6] CVS & Respiratory:


• Slightly more liable to have Ischemic Heart Disease.
• Repeated Acute Chest Syndrome à hypofunction of the
lung (rare).

7] Pregnant women are more prone to have abortion,


stillbirth, & premature labor.

Ø Diagnosis:
1) History:
• Repeated attacks of bone & abdominal pain.
• +ve family history
2) Electrophoresis:
• If Hb S is > 45% à diseased.
• If Hb S is < 45% à trait.

Here in KSA, there are two types of Sickle Cell anemia, namely
the African type (which is more severe due to lower level of Hb F &
is present in the Southern region) & the Indian type (which is
present in the Eastern region & the level of Hb F is 7-10%).

N.B: if the Hb A2 is high à Sickle Cell - β-Thalassemia Disease.

Ø Indication of Blood Transfusion:


1] Crises (Hemolytic, Sequestration, Aplastic, but not Vaso-
occlusive).
2] Hb < 6 g/dL.
3] Priapism.
4] CNS Crisis.
5] Renal Papillary Necrosis.
6] Acute Chest Syndrome.
7] Anesthesia & Surgery.

Ø Management:
1) Pirazetam: not useful.
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2) Hydroxurea (antimetabolite):
§ Action: ↑ Hb F à not used in patient with high Hb F.
§ May cause Bone Marrow Suppression.
§ Indications:
a- Patient with low Hb F.
b- if > 6 crises/year.
c- Crisis e.g.

N.B: Bone Marrow Transplantation is not effective because


Mortality Rate (10-15%) is higher than that of the disease itself.
N.B: The combination between Hb SS & α-Thalassemia is thought
to be less severe than pure Hb SS disease because microcytosis,
resulting from α-Thalassemia, allows better passage in the
microcirculation.

Ü G6PD Deficiency:
• X-linked (i.e. females are carriers)
• 30% of the population are carriers.
• Types: (both of them are present here)
1) African (Favism): ingestion of fava beans, or certain drugs
(such as aspirin, Antimalarial [e.g. chloroquine &
primaquine], & those containing sulpha) à severe
hemolytic anemia.
2) Asian: spontaneous Hemolysis (may not be affected by
fava beans).

Ü Spherocytosis:
• Autosomal dominant.
• Causing hemolytic anemia (acute or chronic) due to
deformed shape of RBCs.
• Clinical Features: may present antenatally with hemolytic
anemia (whether acute or chronic & splenomegaly).
• Treatment: Splenectomy.

Ü Elliptocytosis:
• Autosomal dominant.
• Benign.
• Hemolytic anemia with splenomegaly.

Ü Ovalocytosis:

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Ü Hypoplastic or Aplastic Anemia:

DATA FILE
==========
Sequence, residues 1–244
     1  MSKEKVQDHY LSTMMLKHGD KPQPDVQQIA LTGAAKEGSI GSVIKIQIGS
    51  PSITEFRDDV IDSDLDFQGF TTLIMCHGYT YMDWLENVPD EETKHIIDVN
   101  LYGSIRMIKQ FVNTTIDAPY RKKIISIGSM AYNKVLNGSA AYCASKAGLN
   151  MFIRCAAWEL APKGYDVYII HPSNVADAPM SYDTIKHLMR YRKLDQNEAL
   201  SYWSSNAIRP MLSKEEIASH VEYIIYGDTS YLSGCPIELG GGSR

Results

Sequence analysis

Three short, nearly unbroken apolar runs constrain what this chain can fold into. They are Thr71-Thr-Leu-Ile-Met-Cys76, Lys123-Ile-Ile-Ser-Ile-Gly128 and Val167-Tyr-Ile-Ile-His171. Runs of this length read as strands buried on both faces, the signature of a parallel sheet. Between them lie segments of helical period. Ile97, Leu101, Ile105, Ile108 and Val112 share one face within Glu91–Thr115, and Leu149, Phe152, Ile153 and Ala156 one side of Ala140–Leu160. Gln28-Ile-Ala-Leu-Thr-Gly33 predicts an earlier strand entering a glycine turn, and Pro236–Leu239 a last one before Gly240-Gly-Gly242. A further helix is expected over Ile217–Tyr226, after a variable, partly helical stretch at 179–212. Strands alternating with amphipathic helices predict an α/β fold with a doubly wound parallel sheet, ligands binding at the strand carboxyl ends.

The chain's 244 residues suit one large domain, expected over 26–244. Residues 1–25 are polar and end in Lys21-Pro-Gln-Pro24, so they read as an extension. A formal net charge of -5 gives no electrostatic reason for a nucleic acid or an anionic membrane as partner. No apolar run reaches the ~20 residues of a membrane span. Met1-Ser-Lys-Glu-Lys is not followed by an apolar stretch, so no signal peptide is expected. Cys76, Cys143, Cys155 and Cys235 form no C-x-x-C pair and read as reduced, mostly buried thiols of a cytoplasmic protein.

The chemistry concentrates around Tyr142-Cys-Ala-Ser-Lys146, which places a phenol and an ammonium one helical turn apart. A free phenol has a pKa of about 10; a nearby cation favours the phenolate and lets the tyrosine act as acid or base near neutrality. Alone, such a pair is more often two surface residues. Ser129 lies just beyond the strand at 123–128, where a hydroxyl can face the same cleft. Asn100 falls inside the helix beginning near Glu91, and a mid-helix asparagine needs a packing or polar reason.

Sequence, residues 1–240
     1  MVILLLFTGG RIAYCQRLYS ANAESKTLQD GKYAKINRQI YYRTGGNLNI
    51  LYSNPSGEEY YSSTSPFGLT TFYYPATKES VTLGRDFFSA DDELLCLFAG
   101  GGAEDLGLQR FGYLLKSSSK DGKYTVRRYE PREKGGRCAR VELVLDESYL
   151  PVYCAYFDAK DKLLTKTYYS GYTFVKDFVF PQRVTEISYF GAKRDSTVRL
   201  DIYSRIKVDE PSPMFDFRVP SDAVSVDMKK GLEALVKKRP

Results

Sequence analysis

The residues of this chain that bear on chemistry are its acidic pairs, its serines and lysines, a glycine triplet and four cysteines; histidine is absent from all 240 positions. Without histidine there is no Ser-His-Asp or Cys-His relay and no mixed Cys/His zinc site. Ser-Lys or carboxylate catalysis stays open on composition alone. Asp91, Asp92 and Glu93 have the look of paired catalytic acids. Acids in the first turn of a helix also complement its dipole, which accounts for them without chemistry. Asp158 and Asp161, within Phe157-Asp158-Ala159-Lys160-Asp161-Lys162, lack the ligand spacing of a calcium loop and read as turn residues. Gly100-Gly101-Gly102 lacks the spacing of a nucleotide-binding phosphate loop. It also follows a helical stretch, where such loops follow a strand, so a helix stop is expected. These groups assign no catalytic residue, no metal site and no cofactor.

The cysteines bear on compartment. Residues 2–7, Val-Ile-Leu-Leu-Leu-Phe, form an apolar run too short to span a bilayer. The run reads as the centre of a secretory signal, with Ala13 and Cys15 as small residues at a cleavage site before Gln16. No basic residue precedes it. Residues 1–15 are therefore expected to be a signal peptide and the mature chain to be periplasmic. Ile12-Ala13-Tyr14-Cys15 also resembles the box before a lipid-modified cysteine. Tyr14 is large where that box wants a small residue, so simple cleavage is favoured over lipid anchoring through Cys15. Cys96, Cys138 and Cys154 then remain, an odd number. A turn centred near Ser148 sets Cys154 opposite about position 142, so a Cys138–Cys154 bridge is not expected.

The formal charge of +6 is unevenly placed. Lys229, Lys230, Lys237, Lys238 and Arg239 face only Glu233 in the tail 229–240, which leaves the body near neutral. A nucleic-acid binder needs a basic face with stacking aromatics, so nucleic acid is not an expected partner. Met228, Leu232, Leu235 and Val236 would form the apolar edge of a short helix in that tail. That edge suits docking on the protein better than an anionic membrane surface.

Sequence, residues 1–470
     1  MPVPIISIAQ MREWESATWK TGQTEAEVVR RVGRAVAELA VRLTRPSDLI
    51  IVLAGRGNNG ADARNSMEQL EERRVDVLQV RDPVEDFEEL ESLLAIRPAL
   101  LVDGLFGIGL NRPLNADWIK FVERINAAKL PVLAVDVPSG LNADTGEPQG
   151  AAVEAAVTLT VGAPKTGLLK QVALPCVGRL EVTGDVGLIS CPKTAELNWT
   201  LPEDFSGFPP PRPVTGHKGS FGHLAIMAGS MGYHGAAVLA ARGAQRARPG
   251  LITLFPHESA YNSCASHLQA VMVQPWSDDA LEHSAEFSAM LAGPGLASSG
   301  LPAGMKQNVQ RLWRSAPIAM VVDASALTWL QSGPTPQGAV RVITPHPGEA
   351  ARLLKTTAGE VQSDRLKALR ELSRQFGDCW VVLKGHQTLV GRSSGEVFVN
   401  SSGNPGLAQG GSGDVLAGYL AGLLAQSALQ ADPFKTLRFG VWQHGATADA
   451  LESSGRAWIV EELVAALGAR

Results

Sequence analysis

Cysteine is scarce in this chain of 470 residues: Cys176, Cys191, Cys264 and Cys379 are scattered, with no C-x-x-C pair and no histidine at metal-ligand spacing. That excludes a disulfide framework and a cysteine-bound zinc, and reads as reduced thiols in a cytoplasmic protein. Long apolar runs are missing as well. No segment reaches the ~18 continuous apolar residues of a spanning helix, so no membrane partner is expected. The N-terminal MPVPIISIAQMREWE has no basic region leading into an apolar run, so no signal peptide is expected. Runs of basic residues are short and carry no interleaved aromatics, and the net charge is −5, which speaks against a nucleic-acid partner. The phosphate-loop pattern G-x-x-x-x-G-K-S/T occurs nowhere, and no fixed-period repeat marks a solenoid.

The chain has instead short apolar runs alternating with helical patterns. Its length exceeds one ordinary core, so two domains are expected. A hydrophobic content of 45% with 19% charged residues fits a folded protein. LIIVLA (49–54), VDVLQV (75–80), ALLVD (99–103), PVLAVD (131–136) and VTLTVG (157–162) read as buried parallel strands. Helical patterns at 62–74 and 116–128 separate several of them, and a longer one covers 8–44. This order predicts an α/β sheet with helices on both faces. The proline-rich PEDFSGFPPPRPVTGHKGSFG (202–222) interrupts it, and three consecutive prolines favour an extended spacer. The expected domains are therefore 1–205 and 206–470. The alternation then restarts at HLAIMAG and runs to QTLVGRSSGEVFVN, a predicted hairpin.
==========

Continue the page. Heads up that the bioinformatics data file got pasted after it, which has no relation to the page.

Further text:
§ Present with low Hb or Pancytopenia.
1) Congenital:
a- Pure Red Cell Hypoplasia (also called Diamond-Blackfan
anemia):
- present at infancy.
- RBCs are selectively affected.
- might respond to steroids.
b- Fanconi Anemia:
- present at 4-5 years of age.
- Pancytopenia.
- Clinical Features: thin, short stature & other
congenital anomalies including cardiac anomalies, skin
pigmentation, renal anomalies.
- need Bone Marrow Transplantation.
2) Acquired:
a- Primary:
- Idiopathic.
- Majority of Aplastic Anemias are of this type.
- need Steroids or Androgens à if not resolve in 6
months à Bone Marrow Transplantation.
b- Secondary:
- e.g. infection with Hepatitis A virus or Parvovirus B19.

Ø Treatment:
• Mostly Bone Marrow Transplantation.
• If it is secondary, treat the cause.

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16-The child with bruises and bleeding Prof.I.Al-Mulhim

The child with bruises and bleeding


1. Introduction:

~ History:

• Bruise onset:
§ Sudden (Acute)
§ From Infancy (Chronic, congenital, inheritant)
• History of pallor, jaundice or bleeding
• History of fever
• History of bleeding tendency
• Family History
• History of drugs (Interfering with platelet function or
coagulation cascade, e.g. Aspirin, NSAID).

~ Physical Examination:

Do a head to toe examination, observe the distribution of


bruises, because certain conditions appear in specific
sites. Check if it is purpura, bruise or petechiae.
Examine for hepatomegaly, splenomegaly and pallor.

~ Lab Investigations:

• CBC (Hemoglobin, WBC, Platelets Count)


• Blood Film
• Bleeding Time, To role out platelet problem

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• PT, Prothrombin Time: Extrinsic coagulation cascade


• PTT, partial thromboplastin time: Intrinsic coagulation
cascade
• Factor Assay.

2. Platelets Problem:
~ Basics:

Platelets form in bone marrow from megakaryocytes. It is


the first line in hemostasis, it releases factors after injury
occurring that participate in vasoconstriction and clotting.
The platelets form the plug which seals the most injuries,
especially, minor ones. Platelet count is between
150- 250 X 103/mm3, and its life span range from 7-10
days.

Platelets problems can be categorized into congenital and


acquired and each subdivided into functional
(Thrombasthenia), or Count (Thrombocytopenia)

- Congenital: these diseases are rare conditions;


- Count: such as megakaryocytic thrombocytopenia
(Autosomal Recessive)
- Function: Glanzmann Thrombasthenia (Autosomal
Recessive)

- Acquired:
- Count: Thrombocytopenia
- Function: e.g from drugs, there is prolongation of
bleeding time, but platelet count is normal. This
indicate doing platelet function test.

~ Thrombocytopenia:

• ITP (Idiopathic Thrombocytopenia)


• Secondary thrombocytopenia: Induced from different
etiologies, e.g, infiltrative diseases, drugs, malignancy.

ITP:
Idiopathic or immune thrombocytopenia can be acute
(mainly children), or chronic (Adults).

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The acute ITP is common in 2-5 years old, but can


occur at any age. It is preceded by upper respiratory